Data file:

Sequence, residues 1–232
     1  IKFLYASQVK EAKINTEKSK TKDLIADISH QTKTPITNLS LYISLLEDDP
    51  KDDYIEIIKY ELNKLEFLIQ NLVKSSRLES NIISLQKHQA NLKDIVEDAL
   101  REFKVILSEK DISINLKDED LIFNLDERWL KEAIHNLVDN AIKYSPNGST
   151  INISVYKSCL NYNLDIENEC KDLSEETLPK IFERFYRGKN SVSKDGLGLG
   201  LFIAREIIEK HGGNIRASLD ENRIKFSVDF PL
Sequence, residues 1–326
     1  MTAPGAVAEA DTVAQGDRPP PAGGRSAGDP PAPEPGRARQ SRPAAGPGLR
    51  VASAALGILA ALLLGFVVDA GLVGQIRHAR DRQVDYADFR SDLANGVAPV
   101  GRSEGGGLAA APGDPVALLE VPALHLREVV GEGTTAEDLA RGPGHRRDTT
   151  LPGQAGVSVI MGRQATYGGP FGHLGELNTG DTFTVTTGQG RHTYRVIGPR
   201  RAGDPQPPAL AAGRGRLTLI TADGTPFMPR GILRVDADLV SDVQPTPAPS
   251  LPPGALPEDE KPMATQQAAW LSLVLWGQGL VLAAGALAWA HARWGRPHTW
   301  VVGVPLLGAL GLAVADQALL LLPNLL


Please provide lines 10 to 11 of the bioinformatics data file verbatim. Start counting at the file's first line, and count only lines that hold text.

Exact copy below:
   101  GRSEGGGLAA APGDPVALLE VPALHLREVV GEGTTAEDLA RGPGHRRDTT
   151  LPGQAGVSVI MGRQATYGGP FGHLGELNTG DTFTVTTGQG RHTYRVIGPR